I'm pretty sure my mother always told me that smoking pot was bad for you. She's my mother so, naturally, I always believed her. Now, I'm not so sure though. She couldn't possibly have seen PINEAPPLE EXPRESS before making this assertion. If she had, then she would know that smoking only leads to hilarity and kinship. At least that is one of the many valuable life lessons I learned while watching the latest Seth Rogen vehicle to come off the Judd Apatow assembly line. I also learned that paranoia can be a very good thing, that friends who smoke together stay together and that James Franco actually has a drastically different side to his usual stoic, dry presence. I think most importantly though, I learned that stoner movies, when they're done right like this one, don't require the audience to smoke up heavily beforehand in order to have a good time. Albeit, I'm sure a whole other kind of good time would be had if you did.

You could see this movie as an opportunity for Rogen to push his pot smoking agenda onto unsuspecting youths that think of his as some sort of demi-God after last year's one-two punch, KNOCKED UP and SUPERBAD, or you could just drop the act and enjoy the trip. Besides, smoking is hardly over glorified in this film. Every time Rogen, as Dale Denton, a crafty process server, lights up, he finds himself in a whole heap of trouble. He makes stupid mistakes that lead to his deeper and deeper into despair. And while watching Rogen alone is certainly entertaining, watching him get goofy with a buddy is even better. The buddy here is the unexpected Franco. Franco plays Saul Silver, the drug dealer to Dale's drug doer. Get these two in a forest and give them a little herbal amusement and there is no telling how stupid they will get and how far out in space their minds will go. There is one sure thing though, weed brings these two together and their lives are better for it.

Thank goodness these two have each other because they could never endure what they need to go through all alone. Saul sells Dale some of his highest-grade bud, called pineapple express. It's so rare, so exclusive, that after Dale witness a homicide and dumps his roach at the scene, he believes that it can be tracked back to him. Saul must then get involved as he is the sole distributor of pineapple express and therefore the whole thing can be traced back to him. In order to get out of their unfortunate bind, the two must go to the source and get the bad guys, including a feisty Rosie Perez as a crooked cop, before the bad guys, and gals, get them. Many a stoner has inhaled and embarked on zany adventures before these two but how many find themselves in high speed car chases or live-or-die bang-up's or even fleeing scenes of explosive proportions? Well, I can't say actually but I can say that none have been this funny in what feels like a very long time (what feels even longer if you actually are stoned).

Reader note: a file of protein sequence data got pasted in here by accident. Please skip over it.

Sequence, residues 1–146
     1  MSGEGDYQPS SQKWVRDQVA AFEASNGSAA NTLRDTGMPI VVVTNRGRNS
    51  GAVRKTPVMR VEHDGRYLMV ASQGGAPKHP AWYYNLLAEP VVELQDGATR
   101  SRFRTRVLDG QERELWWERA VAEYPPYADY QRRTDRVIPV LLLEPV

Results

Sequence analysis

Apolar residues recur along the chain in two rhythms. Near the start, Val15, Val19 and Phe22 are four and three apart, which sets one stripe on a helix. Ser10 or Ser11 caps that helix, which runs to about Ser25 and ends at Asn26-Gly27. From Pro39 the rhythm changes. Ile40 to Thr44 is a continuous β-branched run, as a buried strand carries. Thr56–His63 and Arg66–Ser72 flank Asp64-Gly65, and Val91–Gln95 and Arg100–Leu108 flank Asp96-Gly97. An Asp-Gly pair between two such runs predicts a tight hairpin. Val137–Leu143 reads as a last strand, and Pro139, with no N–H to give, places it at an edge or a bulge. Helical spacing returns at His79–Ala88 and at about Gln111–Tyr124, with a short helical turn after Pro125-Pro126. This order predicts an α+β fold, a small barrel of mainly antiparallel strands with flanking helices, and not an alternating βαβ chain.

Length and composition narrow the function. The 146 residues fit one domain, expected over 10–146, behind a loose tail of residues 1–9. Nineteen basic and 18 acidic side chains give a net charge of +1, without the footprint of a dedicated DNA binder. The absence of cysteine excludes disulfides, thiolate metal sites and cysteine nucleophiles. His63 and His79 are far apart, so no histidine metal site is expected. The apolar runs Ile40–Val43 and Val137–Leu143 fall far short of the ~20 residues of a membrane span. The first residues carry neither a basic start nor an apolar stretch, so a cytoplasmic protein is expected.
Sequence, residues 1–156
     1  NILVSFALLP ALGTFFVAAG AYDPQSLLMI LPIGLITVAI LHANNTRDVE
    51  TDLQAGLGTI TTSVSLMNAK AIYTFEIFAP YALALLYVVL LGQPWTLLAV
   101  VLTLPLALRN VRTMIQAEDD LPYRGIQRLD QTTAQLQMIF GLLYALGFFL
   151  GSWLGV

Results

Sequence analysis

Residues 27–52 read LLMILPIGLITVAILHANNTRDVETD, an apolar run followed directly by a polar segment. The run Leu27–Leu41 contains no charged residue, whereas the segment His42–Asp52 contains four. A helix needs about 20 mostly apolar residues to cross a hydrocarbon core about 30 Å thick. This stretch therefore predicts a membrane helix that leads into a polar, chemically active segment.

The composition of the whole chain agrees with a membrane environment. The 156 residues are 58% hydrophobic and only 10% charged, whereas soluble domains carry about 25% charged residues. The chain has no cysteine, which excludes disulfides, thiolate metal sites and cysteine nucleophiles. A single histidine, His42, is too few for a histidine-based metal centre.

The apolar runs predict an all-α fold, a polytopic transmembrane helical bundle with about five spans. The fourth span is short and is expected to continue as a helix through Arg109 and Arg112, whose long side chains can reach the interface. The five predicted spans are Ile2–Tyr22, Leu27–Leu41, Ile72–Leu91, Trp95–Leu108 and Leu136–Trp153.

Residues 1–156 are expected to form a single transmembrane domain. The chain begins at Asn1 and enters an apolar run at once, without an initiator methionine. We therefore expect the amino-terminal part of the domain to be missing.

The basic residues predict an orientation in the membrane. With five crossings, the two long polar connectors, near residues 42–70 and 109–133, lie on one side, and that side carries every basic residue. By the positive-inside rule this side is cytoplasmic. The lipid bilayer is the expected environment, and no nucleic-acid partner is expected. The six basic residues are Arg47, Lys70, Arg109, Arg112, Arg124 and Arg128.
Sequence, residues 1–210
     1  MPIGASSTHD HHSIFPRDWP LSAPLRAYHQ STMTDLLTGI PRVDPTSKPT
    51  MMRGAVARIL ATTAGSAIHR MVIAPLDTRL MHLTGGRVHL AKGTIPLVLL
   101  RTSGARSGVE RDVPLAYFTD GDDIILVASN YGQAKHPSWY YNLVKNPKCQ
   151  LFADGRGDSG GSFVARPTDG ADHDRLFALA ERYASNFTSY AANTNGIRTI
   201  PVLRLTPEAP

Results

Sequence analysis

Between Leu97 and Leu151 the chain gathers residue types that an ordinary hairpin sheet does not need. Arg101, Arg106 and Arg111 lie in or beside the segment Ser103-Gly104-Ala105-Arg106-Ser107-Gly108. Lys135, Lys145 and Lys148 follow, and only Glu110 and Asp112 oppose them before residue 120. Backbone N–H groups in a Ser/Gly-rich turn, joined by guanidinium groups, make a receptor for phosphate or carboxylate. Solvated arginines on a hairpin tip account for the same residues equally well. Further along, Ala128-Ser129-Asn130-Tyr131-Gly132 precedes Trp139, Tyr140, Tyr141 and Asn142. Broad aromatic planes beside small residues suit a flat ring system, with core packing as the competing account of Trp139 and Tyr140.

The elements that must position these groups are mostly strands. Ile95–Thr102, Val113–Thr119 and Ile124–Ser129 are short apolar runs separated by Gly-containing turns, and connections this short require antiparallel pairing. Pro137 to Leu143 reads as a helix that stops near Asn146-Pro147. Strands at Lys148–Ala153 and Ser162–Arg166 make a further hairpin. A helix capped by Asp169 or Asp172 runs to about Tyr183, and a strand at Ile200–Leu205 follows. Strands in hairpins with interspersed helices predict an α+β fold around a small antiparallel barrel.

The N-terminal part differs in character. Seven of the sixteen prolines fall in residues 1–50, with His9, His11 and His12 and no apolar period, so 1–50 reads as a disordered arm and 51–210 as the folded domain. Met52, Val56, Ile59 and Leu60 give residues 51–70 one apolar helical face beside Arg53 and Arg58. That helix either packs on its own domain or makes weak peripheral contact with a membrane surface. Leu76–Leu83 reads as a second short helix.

Dale and Saul are the new stoner buddies, the new Harold & Kumar, if you will. They are accidental action heroes whose pot smoking both gets them in and out of trouble. Unlike the punks responsible for the most recent Harold & Kumar disaster, the people behind PINEAPPLE EXPRESS are actually interested in making a solid film, one with an engaging story and consistent character development. Director David Gordon Green (SNOW ANGELS) knows that just because his characters are stoned out of their heads 99% of the time does not mean his audience will be necessarily. The audience might want to shut off and have a great time, either naturally or enhanced naturally, and that does not mean that you don't actually have to try. When I want to shut off, I like to be around good people and let the laughs roll. Watching PINEAPPLE EXPRESS is like hanging out with the guys and I already want to hang out with these guys again next weekend.